starring Raymond Hatton, Elliott Dexter and Kathlyn Williams
April 5, 1918

As Artcraft-Paramount production that carries a dramatic wallop, although slightly gruesome at the finish. No star. The feature is billed as an "All-Star Production." A number of leading people who have been supporting the Paramount and Artcraft stars are in it, and they are supposed to represent an all-star cast. The story was adapted by Jessie (sic - should be Jeanie) MacPherson from the original by Perley Poore Sheehan and directed by Cecil B. DeMille. At the Rialto in the billing and program matter, DeMille was featured above the picture itself. "The Whispering Chorus" is intended to represent the small voices and thoughts of the average mind that work for good and evil. The thought is a good one for the purposes of picturization and the manner in which it is worked out interests. The usual tricks of double exposure employed in setting the story on the screen, but they are not worked to death.

The plot concerns a clerk making a small salary and living with his wife and mother. He falsifies his books and steals from his employer until such time that a state investigation of the firm's books is about to show the shortage, and then he runs away. But he also arranges things to appear as though he had been murdered, and the investigator in the affair falls in love with the widow and marries her. Subsequently he is elected Governor.

Afer two years, the erring husband returns home under an assumed name and is captured by the police and charged with his own murder. His mother dies from shock on his return, and the wife fails to recognize him at first. He is convicted and goes to the chair. At the last minute, the wife goes to him and realized it is her former husband. But his better nature asserts itself, and he decides to pay the penalty rather than ruin her life and hapiness.

The production is amost effective one, and the direction is admirable. There are several thrills in the way of fights and such, but it is the lighting of the celebration of the Chinese New Year in Shanghai that is the most effective work.

Of the cast, Raymond Hatton, as the defaulter, is by far the best, presenting a remarkable characterization. Elliott Dexter is the leading man, and Kathlyn William plays the wife. She is exceedingly pleasing. Tully Marshall has a small meaningless role. Gustav von Seyffertitiz is the "face" for evil in the double exposures and scores.

As a feature production, "The Whispering Chorus" stands with the best.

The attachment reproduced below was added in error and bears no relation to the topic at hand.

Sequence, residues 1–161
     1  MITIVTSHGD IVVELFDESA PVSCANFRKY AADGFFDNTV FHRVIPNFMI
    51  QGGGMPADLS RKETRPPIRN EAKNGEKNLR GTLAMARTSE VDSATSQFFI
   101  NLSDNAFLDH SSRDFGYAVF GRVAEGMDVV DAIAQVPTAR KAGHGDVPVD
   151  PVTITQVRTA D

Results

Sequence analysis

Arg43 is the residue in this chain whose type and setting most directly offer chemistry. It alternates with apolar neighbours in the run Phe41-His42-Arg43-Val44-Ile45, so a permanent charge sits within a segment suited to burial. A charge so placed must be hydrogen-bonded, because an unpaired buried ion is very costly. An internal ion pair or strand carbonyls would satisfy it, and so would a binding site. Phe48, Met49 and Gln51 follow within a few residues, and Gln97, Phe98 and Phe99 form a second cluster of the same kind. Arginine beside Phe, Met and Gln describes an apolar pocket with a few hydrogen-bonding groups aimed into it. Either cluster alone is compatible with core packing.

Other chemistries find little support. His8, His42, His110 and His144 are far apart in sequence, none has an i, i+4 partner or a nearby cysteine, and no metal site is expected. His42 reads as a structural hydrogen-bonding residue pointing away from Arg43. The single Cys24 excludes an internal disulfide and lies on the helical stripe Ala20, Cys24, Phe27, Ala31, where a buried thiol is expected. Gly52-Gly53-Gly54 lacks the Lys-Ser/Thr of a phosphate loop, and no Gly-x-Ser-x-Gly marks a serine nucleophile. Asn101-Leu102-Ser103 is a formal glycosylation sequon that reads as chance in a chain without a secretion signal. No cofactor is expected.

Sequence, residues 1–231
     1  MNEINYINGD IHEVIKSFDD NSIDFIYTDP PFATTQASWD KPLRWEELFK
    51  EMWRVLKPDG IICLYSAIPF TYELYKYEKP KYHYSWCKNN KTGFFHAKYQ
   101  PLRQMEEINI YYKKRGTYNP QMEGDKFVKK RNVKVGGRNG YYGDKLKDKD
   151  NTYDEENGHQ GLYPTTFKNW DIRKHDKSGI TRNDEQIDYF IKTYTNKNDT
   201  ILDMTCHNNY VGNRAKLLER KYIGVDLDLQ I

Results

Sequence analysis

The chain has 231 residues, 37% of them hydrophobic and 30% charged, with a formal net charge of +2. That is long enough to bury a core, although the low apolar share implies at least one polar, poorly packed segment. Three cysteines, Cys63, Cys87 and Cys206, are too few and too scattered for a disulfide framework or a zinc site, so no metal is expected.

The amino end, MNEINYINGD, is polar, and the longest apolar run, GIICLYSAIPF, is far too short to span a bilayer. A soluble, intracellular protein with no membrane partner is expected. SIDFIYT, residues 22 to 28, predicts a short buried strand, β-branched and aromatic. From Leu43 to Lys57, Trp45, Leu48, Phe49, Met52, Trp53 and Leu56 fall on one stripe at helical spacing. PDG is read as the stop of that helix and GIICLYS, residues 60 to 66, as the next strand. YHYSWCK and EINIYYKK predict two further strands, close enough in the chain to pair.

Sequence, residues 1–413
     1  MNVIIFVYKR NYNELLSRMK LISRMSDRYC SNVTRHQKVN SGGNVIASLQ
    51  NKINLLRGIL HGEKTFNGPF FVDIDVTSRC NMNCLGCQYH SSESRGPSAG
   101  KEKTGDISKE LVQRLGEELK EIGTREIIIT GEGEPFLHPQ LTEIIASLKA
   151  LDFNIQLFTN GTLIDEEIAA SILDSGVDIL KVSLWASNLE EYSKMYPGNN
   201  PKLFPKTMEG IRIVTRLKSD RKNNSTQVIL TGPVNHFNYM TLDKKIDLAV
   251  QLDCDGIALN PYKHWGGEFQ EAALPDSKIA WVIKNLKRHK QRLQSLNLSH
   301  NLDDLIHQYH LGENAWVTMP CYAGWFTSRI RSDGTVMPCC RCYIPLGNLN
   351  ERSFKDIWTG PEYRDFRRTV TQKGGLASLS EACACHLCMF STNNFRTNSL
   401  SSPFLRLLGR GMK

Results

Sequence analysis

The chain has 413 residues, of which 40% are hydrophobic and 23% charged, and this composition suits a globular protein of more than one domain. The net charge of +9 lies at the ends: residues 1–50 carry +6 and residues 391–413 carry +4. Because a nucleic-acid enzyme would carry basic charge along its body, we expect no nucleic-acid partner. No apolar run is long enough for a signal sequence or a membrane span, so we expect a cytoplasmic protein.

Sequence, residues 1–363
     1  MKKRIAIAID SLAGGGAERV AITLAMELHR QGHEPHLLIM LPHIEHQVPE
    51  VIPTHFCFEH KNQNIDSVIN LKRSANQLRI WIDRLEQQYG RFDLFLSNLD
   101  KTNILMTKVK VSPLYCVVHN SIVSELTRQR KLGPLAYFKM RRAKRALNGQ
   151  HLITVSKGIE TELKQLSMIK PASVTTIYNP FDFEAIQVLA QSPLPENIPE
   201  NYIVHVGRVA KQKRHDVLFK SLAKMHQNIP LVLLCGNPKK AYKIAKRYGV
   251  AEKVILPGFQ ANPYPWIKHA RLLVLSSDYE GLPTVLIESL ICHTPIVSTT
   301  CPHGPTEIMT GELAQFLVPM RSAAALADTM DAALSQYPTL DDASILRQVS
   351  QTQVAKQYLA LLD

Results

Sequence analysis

starring Raymond Hatton, Elliott Dexter and Kathlyn Williams
June, 1918

To any one desiring a wholly miserable afternoon or evening, we cheerfully recommend Cecil DeMille's production, "The Whispering Chorus," based on a story by Perley Poore Sheehan. "The Whispering Chorus" is guaranteed to take the joy out of life. Herein John Trimble steals from his employer, deserts his wife, runs away when detection threatens, and then fakes his own "murder." Trimble finds the body of a drowned man, disfigures it so that it is unrecognizable, dresses it in his own clothes, leaves various notes indicating a fear of murder at the hands of a mysterious Edgar Smith, and disappears. The body is found, and some years later, Mrs. Trimble marries a man who finally becomes Governor of the State.

Trimble, now a derelict, is arrested as Edgar Smith, tried and convicted of murdering himself. His plot has proven a boomerang, and he is actually sentenced to the chair for the crime he faked. Trimble goes to his doom without telling his secret, thus protecting his former wife's happiness. The whispering chorus of the title is made up of the wee sma' voices which whisper in your ear and mine when you think about doing something naughty.

Right now one of these wee sma' voices is whispering to us to forget all about saying anything unkind of "The Whispering Chorus." But we are telling the sma' voice to beat it. The truth must be told. "The Whispering Chorus" is well done, but it is the quintessence of morbidness. There is only one antidote for its seven reels of disfigured corpses, morgues, dope-wrecked derelicts, death-cell glimpses and electric-chair moments. The antidote? About fourteen reels of Keystone bathing-girls. Raymond Hatton presents the disintegration of Trimble in graphic fashion.

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